A music writer researching performances of The Who in Morecambe tells all on his overwhelming response from readers
Richard Houghton has been researching the rock band who played in the resort more than 50 years ago.
Since Richard put out an appeal for more information on The Who’s seaside performances he has been overwhelmed with stories and memories.
As well as a string of hit records including ‘My Generation’ and ‘Pinball Wizard’, The Who were famed for their headline grabbing antics of smashing guitars, drum kits and hotel rooms.
Fans of the legendary foursome – Roger Daltrey, Pete Townshend, John Entwistle and Keith Moon, have been in touch with author Richard Houghton with tales of seeing them on stage in Morecambe to help him write a ‘people’s history’ of the group.
“The Who played in Morecambe six times all together, so there was obviously a good audience that wanted to hear their music. “The Who are still performing today, albeit with just Pete Townshend and Roger Daltrey from the original line up. But the gigs they played in the 60s and early 70s were in much more intimate venues than the arena shows that bands like The Who play now.”
Christine Bowles saw the Who when they appeared at the Floral Hall in Morecambe in June 1965.
She said: “I went with my friend Anne. The audience consisted of about 50 or 60 people, as the Searchers were on at the Central Pier, the other big venue in Morecambe, and at that time they were much better known than The Who.
“So everyone else we knew went to see the Searchers.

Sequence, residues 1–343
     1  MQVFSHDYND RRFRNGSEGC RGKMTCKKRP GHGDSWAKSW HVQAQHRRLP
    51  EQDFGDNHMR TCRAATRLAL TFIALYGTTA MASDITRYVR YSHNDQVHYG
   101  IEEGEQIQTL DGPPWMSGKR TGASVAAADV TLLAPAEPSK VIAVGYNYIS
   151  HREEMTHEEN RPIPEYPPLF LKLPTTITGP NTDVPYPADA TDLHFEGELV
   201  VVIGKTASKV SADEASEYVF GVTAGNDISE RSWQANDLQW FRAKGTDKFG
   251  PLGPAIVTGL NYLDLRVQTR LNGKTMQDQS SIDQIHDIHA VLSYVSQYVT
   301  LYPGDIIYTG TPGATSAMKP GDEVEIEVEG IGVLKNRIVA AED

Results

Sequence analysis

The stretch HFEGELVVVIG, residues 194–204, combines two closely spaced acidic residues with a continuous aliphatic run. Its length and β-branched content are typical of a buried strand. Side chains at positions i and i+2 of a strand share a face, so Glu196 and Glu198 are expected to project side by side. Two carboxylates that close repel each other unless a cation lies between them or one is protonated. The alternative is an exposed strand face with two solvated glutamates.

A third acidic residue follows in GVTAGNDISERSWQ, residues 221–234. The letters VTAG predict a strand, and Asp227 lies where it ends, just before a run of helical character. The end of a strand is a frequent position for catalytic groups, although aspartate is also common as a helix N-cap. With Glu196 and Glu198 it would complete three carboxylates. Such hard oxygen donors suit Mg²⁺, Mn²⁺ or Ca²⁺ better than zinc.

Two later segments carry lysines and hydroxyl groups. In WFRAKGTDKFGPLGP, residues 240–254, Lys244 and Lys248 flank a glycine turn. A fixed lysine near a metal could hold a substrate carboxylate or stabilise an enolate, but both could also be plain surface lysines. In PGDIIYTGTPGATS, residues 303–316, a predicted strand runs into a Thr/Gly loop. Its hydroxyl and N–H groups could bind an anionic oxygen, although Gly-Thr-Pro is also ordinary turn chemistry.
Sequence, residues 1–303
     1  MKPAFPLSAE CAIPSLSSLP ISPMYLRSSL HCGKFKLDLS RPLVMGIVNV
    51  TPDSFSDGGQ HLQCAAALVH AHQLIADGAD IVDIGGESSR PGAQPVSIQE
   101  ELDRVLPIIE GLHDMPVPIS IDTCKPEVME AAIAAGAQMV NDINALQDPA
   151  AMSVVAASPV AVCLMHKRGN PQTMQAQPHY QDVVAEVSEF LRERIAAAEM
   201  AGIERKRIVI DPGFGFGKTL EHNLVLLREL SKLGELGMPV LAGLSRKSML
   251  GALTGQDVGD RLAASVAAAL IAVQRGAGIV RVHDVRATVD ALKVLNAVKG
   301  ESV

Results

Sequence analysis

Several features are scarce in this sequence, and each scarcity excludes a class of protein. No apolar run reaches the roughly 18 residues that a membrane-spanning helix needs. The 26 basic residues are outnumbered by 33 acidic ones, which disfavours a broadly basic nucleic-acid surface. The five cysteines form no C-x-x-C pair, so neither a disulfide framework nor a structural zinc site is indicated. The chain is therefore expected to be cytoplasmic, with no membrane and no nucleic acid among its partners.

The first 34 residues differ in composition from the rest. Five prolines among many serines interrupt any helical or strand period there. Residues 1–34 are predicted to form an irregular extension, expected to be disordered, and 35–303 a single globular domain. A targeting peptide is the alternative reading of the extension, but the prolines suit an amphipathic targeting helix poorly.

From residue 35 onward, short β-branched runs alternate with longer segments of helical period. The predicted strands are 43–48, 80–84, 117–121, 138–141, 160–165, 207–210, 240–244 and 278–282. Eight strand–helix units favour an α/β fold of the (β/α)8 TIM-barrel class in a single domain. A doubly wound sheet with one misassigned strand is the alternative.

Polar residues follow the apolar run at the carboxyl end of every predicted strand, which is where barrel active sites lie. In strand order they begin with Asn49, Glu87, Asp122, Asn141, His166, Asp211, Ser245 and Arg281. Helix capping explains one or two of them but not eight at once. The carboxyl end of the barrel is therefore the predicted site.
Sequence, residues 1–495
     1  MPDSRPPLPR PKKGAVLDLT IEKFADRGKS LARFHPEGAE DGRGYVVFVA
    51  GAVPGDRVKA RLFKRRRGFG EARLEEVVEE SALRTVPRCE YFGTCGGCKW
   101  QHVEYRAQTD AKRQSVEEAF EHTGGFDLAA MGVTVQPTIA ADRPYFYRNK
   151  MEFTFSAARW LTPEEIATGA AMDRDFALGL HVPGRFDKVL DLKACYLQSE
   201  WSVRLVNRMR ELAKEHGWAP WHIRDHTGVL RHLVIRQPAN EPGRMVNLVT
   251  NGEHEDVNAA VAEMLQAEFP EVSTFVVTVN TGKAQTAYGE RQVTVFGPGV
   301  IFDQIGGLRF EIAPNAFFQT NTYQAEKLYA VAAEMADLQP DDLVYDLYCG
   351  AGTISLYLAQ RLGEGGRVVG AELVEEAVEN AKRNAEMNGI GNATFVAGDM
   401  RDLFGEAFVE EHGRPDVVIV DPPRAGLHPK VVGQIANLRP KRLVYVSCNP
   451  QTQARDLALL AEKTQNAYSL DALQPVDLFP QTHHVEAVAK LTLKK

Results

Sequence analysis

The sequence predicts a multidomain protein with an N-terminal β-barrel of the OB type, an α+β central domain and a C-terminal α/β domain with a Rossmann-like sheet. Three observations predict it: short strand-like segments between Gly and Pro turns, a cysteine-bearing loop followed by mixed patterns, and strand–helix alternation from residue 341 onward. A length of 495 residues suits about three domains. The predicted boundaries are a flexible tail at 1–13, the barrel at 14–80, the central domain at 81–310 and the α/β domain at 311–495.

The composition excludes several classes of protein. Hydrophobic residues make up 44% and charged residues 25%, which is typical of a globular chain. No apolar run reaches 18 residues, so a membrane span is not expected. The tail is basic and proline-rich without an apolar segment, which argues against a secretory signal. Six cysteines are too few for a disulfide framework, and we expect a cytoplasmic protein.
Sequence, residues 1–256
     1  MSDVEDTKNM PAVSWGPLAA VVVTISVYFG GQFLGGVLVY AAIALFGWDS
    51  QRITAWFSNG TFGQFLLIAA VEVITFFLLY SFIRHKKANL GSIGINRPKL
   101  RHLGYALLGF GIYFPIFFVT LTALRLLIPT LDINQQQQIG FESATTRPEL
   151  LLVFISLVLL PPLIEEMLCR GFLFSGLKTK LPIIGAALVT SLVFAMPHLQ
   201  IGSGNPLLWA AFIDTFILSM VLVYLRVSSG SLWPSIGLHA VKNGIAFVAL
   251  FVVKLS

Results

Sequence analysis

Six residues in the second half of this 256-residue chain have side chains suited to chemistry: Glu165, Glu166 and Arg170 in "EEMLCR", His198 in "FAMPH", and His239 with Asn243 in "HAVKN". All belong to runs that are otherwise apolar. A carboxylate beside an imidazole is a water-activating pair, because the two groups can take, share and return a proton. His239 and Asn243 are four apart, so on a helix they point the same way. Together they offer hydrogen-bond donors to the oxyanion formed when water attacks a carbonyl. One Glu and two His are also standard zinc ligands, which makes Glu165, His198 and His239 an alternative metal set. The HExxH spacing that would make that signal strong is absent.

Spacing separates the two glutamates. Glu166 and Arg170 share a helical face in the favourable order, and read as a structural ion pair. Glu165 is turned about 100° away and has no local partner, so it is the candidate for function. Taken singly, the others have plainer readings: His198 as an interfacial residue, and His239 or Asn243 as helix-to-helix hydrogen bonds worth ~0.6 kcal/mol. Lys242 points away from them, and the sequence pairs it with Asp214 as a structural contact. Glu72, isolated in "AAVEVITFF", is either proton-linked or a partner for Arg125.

“Anne and I had seen the Who on Ready Steady Go and thought they were amazing so we went to see them. Some boys we knew who were there said that they were sat with them in the bar before the show.
“We stood in front of the stage as in those days there were no barriers with security men, so it was as if they were playing just for us.
“I remember they played as if they were playing to 5,000 rather than the few dozen who were actually there.
“I do not remember Pete Townsend smashing his guitar but I do seem to remember that his fingers were bleeding at the end.
“The next time they came was to the Central Pier and it was packed. They played at the Central Pier at least three times more and I went to see them every time.
“Keith Moon often threw his drumsticks into the audience at the end and I once caught one. Unfortunately I no longer have this as my brother “borrowed” it and I never saw it again.”
Christine also saw The Who when they appeared at the Marine Ballroom on the Central Pier on January 6 1967. Pete Townshend had been in a car accident on the way to the gig but, instead of cancelling, they played with Roger Daltrey on guitar and drafted in a guitarist from a local group called the Doodle-Bugs, who were their support act.
Ian Ward also remembers that evening, because he was there as lead singer of the Doodle-Bugs and recalls a conversation that his group had with the Who’s bass player.
He said: “John Entwistle asked our lead guitarist Mike Dickinson if he would stand in for Pete.
“With only ten minutes notice and a quick run through of The Who’s play list, Mike did a great gig with them.”
Author Richard said the memories help to paint a great picture of what it was like to be a pop fan back then, both in terms of how approachable and accessible groups were but also to give a glimpse of life in the 60s.
Richard is still keen to hear from any Who fans with memories of seeing them perform in Lancashire or anywhere else during the 1960s or early 70s.
Richard said: “I’m interested in any stories, however faded the memories might seem to be, of seeing The Who and people’s recollections of who they went with and what they paid for their ticket.
“It’s a story of The Who in the words of their fans that I want to tell.”
Richard can be reached via email on firstname.lastname@example.org or by letter at 1 Totnes Road, Manchester, M21 8XF.